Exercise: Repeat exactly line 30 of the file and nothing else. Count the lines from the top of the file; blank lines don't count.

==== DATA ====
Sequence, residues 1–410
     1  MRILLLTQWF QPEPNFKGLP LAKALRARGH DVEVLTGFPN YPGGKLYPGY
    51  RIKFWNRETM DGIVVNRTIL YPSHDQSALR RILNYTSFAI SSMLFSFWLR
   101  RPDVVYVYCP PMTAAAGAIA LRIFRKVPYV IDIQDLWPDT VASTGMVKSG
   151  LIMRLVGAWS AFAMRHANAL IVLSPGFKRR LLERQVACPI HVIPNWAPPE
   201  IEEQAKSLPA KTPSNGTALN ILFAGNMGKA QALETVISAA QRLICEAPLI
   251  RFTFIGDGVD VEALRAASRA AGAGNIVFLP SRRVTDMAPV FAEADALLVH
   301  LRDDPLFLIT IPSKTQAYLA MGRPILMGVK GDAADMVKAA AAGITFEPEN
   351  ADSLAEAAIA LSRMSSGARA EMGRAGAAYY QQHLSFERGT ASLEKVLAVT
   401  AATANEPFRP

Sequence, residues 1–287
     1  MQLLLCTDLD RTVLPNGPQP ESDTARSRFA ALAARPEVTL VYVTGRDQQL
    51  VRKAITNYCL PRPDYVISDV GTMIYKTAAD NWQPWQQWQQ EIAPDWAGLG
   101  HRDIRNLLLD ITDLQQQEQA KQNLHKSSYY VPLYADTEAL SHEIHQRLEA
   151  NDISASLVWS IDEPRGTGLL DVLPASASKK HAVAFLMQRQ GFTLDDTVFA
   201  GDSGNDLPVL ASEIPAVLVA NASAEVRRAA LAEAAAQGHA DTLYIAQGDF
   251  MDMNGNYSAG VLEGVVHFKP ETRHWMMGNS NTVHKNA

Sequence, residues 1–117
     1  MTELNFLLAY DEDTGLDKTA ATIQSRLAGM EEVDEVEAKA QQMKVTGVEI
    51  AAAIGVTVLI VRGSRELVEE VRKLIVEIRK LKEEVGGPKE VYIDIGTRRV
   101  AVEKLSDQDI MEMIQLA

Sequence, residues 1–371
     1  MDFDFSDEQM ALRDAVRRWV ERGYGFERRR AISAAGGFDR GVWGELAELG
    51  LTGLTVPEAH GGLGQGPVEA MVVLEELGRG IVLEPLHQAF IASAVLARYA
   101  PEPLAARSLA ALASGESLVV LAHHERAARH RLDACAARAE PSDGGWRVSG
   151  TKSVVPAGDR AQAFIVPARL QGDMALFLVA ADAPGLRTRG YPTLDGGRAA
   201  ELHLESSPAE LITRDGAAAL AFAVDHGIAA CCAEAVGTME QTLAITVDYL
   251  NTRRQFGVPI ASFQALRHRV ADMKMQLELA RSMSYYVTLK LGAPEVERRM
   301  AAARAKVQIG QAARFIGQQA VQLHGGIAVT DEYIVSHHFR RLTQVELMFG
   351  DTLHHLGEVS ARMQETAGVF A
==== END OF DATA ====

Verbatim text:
   351  DTLHHLGEVS ARMQETAGVF A